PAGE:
Chris is a gentle bear, 47 years old with kind eyes and frizzy hair, he makes chainsaw sculptures for a living in Charleston, South Carolina. "Stuff like a 500lb pelican, wildlife mostly." But lately, he's been running biker rallies for Trump up and down the country. It's a standard format — the national anthem, a prayer, and then speeches about radical Islam and closing the border, with a lot of WWE-style yelling. Today, it's an Infowars crowd, the news site of Alex Jones, a barking 9/11 "truther" who believes that "lizard people" are in charge of the one world government. And the consensus here is clear: Muslims need to assimilate or leave. No more refugees, America can't afford to go the way of Europe. Don't they have Sharia law in London now?
I sat with James Morrison of Truckers for Trump, a gentle, sad-eyed man who lost a child and never fully recovered. "My wife's Hispanic, we're not haters, man!" he says. "We just love America like Donald Trump does. Ain't nothing wrong with that." Though Jim didn't go to college, what he says about Trump is almost indistinguishable from Ginny Greiman, a Harvard Law School professor I met at The Q.
"He's for the people," Ginny said, adjusting her stars and stripes top. "He could have a much easier life outside politics." They agree that Trump sometimes speaks inappropriately, but he had to fight for the nomination and that's exactly what they need, a fighter. Trump makes them feel proud and strong. "He reminds me of Bill Gates or Steve Jobs," she said fondly. "Yes, he boasts, he's insecure, but still he speaks to us. I just love him."
Chris isn't a hater, either. He recoils when I ask if there are any racists in his group. "I wouldn't stand for it!" he says. "My brother's black. Kevin, we call him 'Burger' because he's like 300lbs, my parents adopted him when he was 10. It's just like that Sandra Bullock movie The Blind Side, but Burger can't play football. He has asthma."
Push Chris a little, though, and the paranoia pours out. He thinks George Soros is funding Black Lives Matter "and other paid agitators. I've seen the ads on Craigslist!" He sent me the ads; one was Photoshopped, and the other merely offered paid work to campaign staff, distributing leaflets. "I heard reports of guys holding Mexican flags but they were speaking Arabic," he says, outraged. It's that Trumpian language: "I've heard", "someone told me", "people say". He also read somewhere California was trying to give illegal immigrants the right to vote, and Obama swore on a Quran when he took the oath of office. "There's a second book. It's all over the internet." (Things Trump actually said: "All I know is what's on the internet.")
So I sent Chris some links: FactCheck, Snopes, PolitiFact and others. I didn't hear back. But at the rally, I manage to tell him that I looked up the things he was concerned about. For instance, illegal immigrants can't vote in California, they just have driving licences so that they can buy insurance.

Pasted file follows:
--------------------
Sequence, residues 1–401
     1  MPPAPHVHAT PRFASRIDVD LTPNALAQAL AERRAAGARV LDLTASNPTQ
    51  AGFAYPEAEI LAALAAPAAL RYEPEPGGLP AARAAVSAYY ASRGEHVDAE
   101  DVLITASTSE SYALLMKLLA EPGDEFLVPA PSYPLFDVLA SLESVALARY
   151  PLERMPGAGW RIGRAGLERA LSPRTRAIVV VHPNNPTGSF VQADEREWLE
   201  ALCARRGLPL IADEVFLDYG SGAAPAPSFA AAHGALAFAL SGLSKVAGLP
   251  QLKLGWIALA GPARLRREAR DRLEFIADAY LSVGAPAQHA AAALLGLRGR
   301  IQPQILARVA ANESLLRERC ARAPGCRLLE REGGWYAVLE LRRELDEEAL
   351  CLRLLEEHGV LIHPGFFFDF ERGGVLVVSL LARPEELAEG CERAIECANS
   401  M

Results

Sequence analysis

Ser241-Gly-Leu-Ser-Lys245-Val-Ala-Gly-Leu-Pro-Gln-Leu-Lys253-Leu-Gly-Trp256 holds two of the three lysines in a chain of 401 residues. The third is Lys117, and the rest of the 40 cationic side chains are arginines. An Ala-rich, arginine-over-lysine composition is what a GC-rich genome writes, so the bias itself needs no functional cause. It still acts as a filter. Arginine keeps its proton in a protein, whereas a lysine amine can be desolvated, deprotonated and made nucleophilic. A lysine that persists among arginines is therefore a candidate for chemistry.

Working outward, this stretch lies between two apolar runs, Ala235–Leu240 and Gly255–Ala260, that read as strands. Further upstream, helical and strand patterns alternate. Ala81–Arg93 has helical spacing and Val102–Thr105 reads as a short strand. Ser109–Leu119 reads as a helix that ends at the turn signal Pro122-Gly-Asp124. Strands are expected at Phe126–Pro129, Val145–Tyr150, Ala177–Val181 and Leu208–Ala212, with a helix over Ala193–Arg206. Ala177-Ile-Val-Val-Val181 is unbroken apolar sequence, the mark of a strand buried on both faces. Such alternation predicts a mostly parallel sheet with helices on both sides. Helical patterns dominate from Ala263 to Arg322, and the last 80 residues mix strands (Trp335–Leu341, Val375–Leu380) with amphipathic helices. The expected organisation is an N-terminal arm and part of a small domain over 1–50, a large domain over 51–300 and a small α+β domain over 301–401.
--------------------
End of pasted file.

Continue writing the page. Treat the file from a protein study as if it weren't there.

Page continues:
"It's ID now, but you watch," he says.
And the second book Obama swore on? That was Martin Luther King's Bible.
He looks sceptical. "OK, well, if you say so. But it still doesn't make up for all the refugees coming over and not calling it radical Islam and..."
While the bikers rallied by the canal, a rabble of conservative activists scuttled from room to room in the Halle Building on Euclid Avenue. Their mission: to stop Trump from becoming the nominee. "You're in the middle of an insurgency!" exclaimed Andrew Lee, one of the organisers of the Delegates Unbound movement. Only 29, he worked on Capitol Hill for four years on a house committee before retreating into health products marketing in Washington, DC. But today, he's back in the thick of it, juggling three news crews and maybe influencing the course of history. "Oh man, you can't make this stuff up!"
Delegates Unbound seeks to free representatives from each state, who don't like Trump, to "vote their conscience" rather than be bound by tradition and state party rules, which typically apportion their votes to reflect the popular vote (though some states are winner-takes-all). It's part of the #NeverTrump movement, a hashtag for dissenting Republicans. "We need a majority of signatures in 10 to 15 states, and then we'll present it to the convention secretary," says Dane, a campaign veteran with white hair and an amused smile. "But the RNC won't even tell us who the secretary is. We think we know but she's hiding. It's all been premeditated! We wanted to have special hats so that delegates would know who was on our side. But the RNC said they'd confiscate hats with disruptive messages."
It's all a bit Monty Python.
"It is! But we might actually win. We're fighting for the soul of the Republican Party. Our country is at stake!"
It was always a long shot. The offices were threadbare, the volunteers young rather than experienced. In The Q, they gathered near the elevators where the stretchers were kept — what screenwriters call foreshadowing. And ultimately, after a lot of scrambling and huddles and "never mind, we've still got options!", the Delegates Unbound movement turned out to be a cheap lawn chair. On the floor, they were cowed into submission. Their calls for a "roll call vote!" were drowned out by "Do-nald Trump!"